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21.10: Calculating pH of Acids and Bases

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    It's not uncommon to see a tropical fish tank in homes or businesses. These brightly-colored creatures are relaxing to watch, but do require a certain amount of maintenance in order for them to survive. Tap water is usually too alkaline when it comes out of the faucet, so some adjustments need to be made. The pH of the water will change over time while it is in the tank, which means it needs to be tested every so often. Any fish tank caretaker has a chance to be a chemist for their fish!

    Calculating pH of Acids and Bases

    Calculation of pH is simple when there is a \(1 \times 10^\text{power}\) problem. However, in real life, this is rarely the situation. If the coefficient is not equal to 1, a calculator must be used to find the pH. For example, the pH of a solution with \(\left[ \ce{H^+} \right] = 2.3 \times 10^{-5} \: \text{M}\) can be found as shown below.

    \[\text{pH} = -\text{log} \left[ 2.3 \times 10^{-5} \right] = 4.64\nonumber \]

    When the pH of a solution is known, the concentration of the hydrogen ion can be calculated. The inverse of the logarithm (or antilog) is the \(10^x\) key on a calculator.

    \[\left[ \ce{H^+} \right] = 10^{-\text{pH}}\nonumber \]

    For example, suppose that you have a solution with a pH of 9.14. To find the \(\left[ \ce{H^+} \right]\) use the \(10^x\) key.

    \[\left[ \ce{H^+} \right] = 10^{-\text{pH}} = 10^{-9.14} = 7.24 \times 10^{-10} \: \text{M}\nonumber \]

    Hydroxide Ion Concentration and pH

    As we saw earlier, the hydroxide ion concentration of any aqueous solution is related to the hydrogen ion concentration through the value of \(K_\text{w}\). We can use that relationship to calculate the pH of a solution of a base.

    Example \(\PageIndex{1}\)

    Sodium hydroxide is a strong base. Find the pH of a solution prepared by dissolving \(1.0 \: \text{g}\) of \(\ce{NaOH}\) into enough water to make \(1.0 \: \text{L}\) of solution.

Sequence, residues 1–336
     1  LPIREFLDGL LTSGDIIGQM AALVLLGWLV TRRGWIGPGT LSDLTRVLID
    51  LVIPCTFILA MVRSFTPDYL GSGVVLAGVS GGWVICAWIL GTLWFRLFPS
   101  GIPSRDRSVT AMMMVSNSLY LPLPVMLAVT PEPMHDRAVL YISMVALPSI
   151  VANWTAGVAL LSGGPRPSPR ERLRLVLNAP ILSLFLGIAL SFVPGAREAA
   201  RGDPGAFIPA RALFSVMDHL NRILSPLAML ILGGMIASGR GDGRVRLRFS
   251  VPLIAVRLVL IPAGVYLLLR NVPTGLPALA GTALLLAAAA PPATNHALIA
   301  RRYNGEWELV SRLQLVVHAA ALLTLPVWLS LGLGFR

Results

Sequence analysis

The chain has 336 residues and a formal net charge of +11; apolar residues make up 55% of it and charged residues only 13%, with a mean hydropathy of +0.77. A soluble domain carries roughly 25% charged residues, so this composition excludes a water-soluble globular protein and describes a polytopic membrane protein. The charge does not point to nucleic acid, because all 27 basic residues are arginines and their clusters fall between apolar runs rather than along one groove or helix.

Step 1: List the known values and plan the problem.
    • Mass \(\ce{NaOH} = 1.0 \: \text{g}\)
    • Molar mass \(\ce{NaOH} = 40.00 \: \text{g/mol}\)
    • Volume solution \(= 1.0 \: \text{L}\)
    • \(K_\text{w} = 1.0 \times 10^{-14}\)

    First, convert the mass of \(\ce{NaOH}\) to moles. Second, calculate the molarity of the \(\ce{NaOH}\) solution. Because \(\ce{NaOH}\) is a strong base and is soluble, the \(\left[ \ce{OH^-} \right]\) will be equal to the concentration of the \(\ce{NaOH}\). Third, use \(K_\text{w}\) to calculate the \(\left[ \ce{H^+} \right]\) in the solution. Lastly, calculate the pH.

    Step 2: Solve.

    \[\begin{align*} &1.00 \: \cancel{\text{g} \: \ce{NaOH}} \times \frac{1 \: \text{mol} \: \ce{NaOH}}{40.00 \: \cancel{\text{g} \: \ce{NaOH}}} = 0.025 \: \text{mol} \: \ce{NaOH} \\ &\text{Molarity} = \frac{0.025 \: \text{mol} \: \ce{NaOH}}{1.00 \: \text{L}} = 0.025 \: \text{M} \: \ce{NaOH} = 0.025 \: \text{M} \: \ce{OH^-} \\ &\left[ \ce{H^+} \right] = \frac{K_\text{w}}{\left[ \ce{OH^-} \right]} = \frac{1.0 \times 10^{-14}}{0.025 \: \text{M}} = 4.0 \times 10^{-13} \: \text{M} \\ &\text{pH} = -\text{log} \left[ \ce{H^+} \right] = -\text{log} \left( 4.0 \times 10^{-13} \right) = 12.40 \end{align*}\]

    Step 3: Think about your result.

    The solution is basic and so its pH is greater than 7. The reported pH is rounded to two decimal places because the original mass and volume has two significant figures.


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